Japan's SoftBank and Bloom Energy have formed a fuel cell joint venture, Bloom Energy Japan Limited, which will sell electricity from Bloom's natural-gas-powered fuel cells.
A release from the firms notes that there is "a significant electrical power deficit in Japan" and that "energy imports have greatly expanded Japan's trade deficit, while consumer electricity prices have recently risen by double digits."
The New York Times reports that Masayoshi Son, SoftBank’s CEO, had visited Bloom late last year, writing, "Mr. Son was convinced that Bloom’s sleek fuel cells were a perfect fit for Japan, [which is] energy-poor and made even more so by an almost complete shutdown of its nuclear energy program after the 2011 Fukushima disaster."
The joint venture is small by the standards of the two firms -- each firm will invest $10 million in an enterprise "that would sell Japanese corporations electricity generated by fuel cells." That language sounds as if the JV is more about selling electricity in power purchase agreement-form rather than outright sales of fuel cells. (We've asked Bloom to clarify.)
Last week we reported that Bloom Energy had begun to build fuel cells in its factory in Delaware, a former Chrysler factory in which Bob Marley once worked as a nightshift forklift operator. The factory in Newark, Delaware recently began shipping Bloom Boxes to two substation sites in Delmarva Power's utility territory.
Bloom's fuel cells are of the solid-oxide variety, which produce electrical power from natural gas via an electrochemical reaction rather than burning the gas. There is no heat resource in the Bloom Box as in other CHP fuel cells.The 200-kilowatt units are intended for commercial and industrial applications, and the firm boasts an all-star list of customers, including Adobe, FedEx, Staples, Google, Coca-Cola, Wal-Mart and Apple, which is tapping Bloom for 4.8 megawatts of fuel cells.
Bloom has raised almost $1 billion in venture capital over a decade from investors including GSV Capital, Apex Venture Partners, DAG Ventures, Kleiner Perkins Caufield & Byers, Mobius Venture Capital, Madrone Capital, New Enterprise Associates, SunBridge Partners, Advanced Equities, and Goldman Sachs.
Bloom Energy has suggested that it will turn a profit in 2013. Scott Sandell, a partner at NEA and Bloom board member, was quoted by Reuters as saying that Bloom will likely attempt an IPO late this year or early next. Sandell is/was a board member of SolFocus, Fisker Automotive and HelioVolt.
Bloom's fuel -- natural gas -- is a commodity and subject to price increases. Bloom's business has relied on state subsidies for distributed energy, but subsidies expire. The long-term reliability of the fuel cell stack remains a risk, and some have doubted Bloom's green claims and employment practices.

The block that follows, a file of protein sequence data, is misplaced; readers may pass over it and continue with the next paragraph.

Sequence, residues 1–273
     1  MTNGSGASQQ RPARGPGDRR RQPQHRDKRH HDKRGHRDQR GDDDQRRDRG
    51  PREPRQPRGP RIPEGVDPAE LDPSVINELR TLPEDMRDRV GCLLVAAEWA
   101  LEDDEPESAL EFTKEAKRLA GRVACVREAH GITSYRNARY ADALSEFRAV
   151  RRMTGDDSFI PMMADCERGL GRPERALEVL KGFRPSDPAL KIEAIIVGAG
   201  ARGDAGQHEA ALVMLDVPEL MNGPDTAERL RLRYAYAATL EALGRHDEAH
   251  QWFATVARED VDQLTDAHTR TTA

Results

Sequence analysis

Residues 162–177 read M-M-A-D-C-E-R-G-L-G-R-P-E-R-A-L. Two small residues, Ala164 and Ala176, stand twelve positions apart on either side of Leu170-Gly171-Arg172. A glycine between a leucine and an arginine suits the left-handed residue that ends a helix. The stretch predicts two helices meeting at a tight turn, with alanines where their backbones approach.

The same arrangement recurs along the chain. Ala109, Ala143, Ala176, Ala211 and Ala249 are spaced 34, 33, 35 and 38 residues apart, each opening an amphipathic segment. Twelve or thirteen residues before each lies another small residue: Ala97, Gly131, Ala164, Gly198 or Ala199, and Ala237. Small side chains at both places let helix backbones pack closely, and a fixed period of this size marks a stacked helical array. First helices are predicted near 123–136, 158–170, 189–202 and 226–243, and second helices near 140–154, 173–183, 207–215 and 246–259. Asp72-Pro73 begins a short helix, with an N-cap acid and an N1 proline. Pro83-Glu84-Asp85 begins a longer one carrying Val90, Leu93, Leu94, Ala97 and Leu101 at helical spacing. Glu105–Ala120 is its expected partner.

This is the first foray into international markets for Bloom. One difference for Bloom Server owners, not mentioned in the release or the Times article, is the price of natural gas in the U.S. versus the price in Japan. This surely impacts the pricing of electrical power from the Bloom fuel cell, as the following charts suggest.
Japan chart from MongaBay.com
While Bloom's JV is looking to replace idled nuclear plants with fuel cells, Japan's solar industry is also looking to fill that gap.
Before the Fukushima nuclear disaster, Japan had about 50 gigawatts of electrical capacity from 50 nuclear reactors. Just two of those reactors have been restarted -- but others will come on-line as they pass safety checks. Nuclear business, jobs, and politics will likely trump anti-nuclear sentiment in Japan.
While those reactors are offline, Japan makes up for the loss of 25 percent of its baseload power with fossil fuel imports, along with utility rate increases to pay for the fuel.
If solar is to help make up the shortfall, then the Japanese PV market will have to field unprecedented growth. And 2013 looks to be an impressive start to that growth curve. With about 1.7 gigawatts shipped in the first quarter of the year, the Japanese market is expected to reach 5.3 gigawatts in 2013 with the potential to surprise on the upside to 6.1 gigawatts, according to GTM Research. That puts Japan in a position to eclipse Italy and Germany and slip into the second spot behind new global solar market leader China.
This growth is driven by Japan's relatively high 38 cents per kilowatt-hour feed-in tariff (FIT) with a ten-year term for small rooftops and twenty years for larger installations.